Monday, 7 November 2016

Indie Game Review - The Beard in the Mirror

The Beard in the Mirror (I’m still a little sad that developers “Oh, A Rock!” did not keep the original title, “The Beard in the Mirror is not Mine”, but I guess that was a bit of a mouthful!) is a very retro point and click adventure game.   It’s much more in the style of the Sierra games, but it has a few features inspired more from the LucasArts style.  At any rate the interface is a doddle to use and understand, and even gamers unfamiliar with point and clicks should have no difficulty at all with it.



You play a young man named Paul, a bit of a fish out of water, when he has what appears to be a strange dream with a woman called Lily visiting him, who seems to know him but has no idea who she is.  Well you’ve probably guess it, this was no dream and he’s set on a path to another land.  No more about the plot itself as I don’t want to spoil anything for you!

The game offers some very solid adventure gaming, good writing, storyline and characters, and some extremely well designed puzzles.  There is a scoring system too, a nice nod to the old Sierra games, and I got 262/282 from my play through (approx. 4 hours), though I’m pretty sure I know where the lost points could be gained.   From a game play and writing point of view everything’s very good.


Where the game does lose some marks is in the production qualities, although the most obvious issue – complete lack of voice acting – I actually found to be no issue at all after a while.  Once I got into the plot I was engrossed, and because the writing is good and not overly wordy, reading it was a pleasure rather than a chore.  (The irony of the intro animation with its spoken “Oh!  A rock!” being the only voice acting in the whole game reminded me of the mime having the only spoken role in Mel Brooks’ “Silent Movie”!)  The graphics are fairly basic but are consistent and do their job, sometimes showing more detail than is evident at first, and to me (whether real or imagined) the overall quality of the backgrounds seemed to improve the further you got into the game (notwithstanding the some of the earlier locations are re-visited).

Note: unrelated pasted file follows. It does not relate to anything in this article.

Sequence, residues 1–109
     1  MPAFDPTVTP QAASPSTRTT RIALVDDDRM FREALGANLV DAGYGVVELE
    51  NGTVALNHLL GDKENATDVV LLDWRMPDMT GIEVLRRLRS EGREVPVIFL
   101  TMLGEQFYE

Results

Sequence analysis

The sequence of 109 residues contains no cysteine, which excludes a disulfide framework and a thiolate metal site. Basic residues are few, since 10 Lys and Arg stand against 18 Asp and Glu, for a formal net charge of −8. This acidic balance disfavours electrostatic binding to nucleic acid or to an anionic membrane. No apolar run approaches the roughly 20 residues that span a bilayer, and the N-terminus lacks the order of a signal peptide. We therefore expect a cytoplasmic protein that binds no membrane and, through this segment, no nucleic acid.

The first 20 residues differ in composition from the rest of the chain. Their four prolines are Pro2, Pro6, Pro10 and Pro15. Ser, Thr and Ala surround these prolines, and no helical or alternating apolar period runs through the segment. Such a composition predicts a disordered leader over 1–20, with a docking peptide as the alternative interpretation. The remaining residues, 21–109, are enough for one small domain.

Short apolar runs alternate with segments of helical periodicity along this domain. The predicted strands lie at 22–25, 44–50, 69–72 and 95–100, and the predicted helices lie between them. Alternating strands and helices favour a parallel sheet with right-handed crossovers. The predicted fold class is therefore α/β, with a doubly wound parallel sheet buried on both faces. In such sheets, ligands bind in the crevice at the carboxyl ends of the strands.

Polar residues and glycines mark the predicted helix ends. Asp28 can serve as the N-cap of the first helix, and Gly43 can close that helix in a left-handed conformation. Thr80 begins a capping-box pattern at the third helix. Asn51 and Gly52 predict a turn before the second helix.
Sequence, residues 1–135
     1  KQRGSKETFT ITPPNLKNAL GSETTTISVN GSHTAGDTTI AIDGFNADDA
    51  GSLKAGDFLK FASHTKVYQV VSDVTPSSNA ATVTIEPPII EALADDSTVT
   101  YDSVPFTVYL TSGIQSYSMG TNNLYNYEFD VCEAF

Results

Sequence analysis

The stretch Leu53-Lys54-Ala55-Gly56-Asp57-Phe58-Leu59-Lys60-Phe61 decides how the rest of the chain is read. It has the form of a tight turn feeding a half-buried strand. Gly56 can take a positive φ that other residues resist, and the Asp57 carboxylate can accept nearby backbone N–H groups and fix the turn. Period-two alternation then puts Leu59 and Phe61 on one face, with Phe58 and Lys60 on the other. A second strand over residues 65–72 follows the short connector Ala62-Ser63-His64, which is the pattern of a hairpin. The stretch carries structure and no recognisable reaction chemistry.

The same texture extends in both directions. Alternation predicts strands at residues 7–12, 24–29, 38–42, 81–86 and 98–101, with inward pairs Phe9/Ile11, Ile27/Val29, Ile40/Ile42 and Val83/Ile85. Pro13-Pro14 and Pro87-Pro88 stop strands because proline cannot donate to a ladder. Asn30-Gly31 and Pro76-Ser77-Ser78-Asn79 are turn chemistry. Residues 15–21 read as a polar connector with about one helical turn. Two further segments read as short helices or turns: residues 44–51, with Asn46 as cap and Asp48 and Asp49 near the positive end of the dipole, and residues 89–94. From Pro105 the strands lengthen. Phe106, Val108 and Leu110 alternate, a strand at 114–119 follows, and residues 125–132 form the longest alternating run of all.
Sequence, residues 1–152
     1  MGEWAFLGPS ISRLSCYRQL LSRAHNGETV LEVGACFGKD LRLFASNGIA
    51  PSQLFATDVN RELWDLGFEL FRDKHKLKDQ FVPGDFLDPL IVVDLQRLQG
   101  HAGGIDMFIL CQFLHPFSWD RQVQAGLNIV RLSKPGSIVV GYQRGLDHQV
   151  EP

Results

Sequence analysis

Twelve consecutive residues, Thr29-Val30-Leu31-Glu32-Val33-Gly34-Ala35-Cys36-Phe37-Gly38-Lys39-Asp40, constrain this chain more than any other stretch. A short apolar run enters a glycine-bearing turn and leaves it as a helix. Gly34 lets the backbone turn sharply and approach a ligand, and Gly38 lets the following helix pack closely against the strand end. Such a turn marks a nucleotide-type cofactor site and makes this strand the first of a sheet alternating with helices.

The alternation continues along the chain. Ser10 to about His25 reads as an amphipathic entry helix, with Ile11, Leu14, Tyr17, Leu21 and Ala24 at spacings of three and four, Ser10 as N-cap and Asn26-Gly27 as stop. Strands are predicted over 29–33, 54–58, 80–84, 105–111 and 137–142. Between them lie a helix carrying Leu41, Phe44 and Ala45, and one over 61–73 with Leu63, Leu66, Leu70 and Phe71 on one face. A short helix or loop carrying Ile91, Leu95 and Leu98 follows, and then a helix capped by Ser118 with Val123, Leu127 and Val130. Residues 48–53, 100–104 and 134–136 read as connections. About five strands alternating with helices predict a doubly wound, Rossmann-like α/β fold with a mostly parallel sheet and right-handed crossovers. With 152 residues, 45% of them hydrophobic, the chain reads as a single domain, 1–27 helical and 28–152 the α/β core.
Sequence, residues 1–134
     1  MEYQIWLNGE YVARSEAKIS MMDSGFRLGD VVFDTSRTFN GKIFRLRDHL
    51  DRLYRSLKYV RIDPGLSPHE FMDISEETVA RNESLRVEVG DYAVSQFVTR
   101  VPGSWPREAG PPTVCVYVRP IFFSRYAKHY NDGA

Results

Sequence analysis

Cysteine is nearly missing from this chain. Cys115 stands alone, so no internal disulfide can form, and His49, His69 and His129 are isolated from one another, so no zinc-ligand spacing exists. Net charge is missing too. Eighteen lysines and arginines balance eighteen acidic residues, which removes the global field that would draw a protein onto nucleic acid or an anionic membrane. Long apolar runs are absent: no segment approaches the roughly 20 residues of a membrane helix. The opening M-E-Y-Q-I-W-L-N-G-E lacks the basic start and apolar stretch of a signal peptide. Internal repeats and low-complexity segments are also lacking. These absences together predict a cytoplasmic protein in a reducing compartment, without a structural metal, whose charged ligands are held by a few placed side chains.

I really only had 2 issues with the game – a distinct lack of animation in most of the game (the characters had no idle animations and the backgrounds looked very static), and a large number of missing interaction responses.  The walk-cycle animations didn’t look too great on the whole.  The price point of the game seemed to me somewhat high for what was offered, but it really depends entirely on what you want out of a game – if you’re looking for something new that will remind you very much of the old King’s Quest games without some of the annoyances those games had (Beard features deaths but they never stop you from progressing through the game or cause you to have to save incessantly), then The Beard in the Mirror is for you.  If you don’t have fond memories of that sort of game already, it’s probably not likely to do much for you.


If you ARE a fan of retro adventure games this one offers a solid experience with a plot that’ll keep you interested, good writing, a nice dollop of humour, memorable characters and above all well thought-out puzzles with nicely placed difficulty levels that you’ll have to use your grey matter to solve, but are unlikely to get horribly stuck on. 




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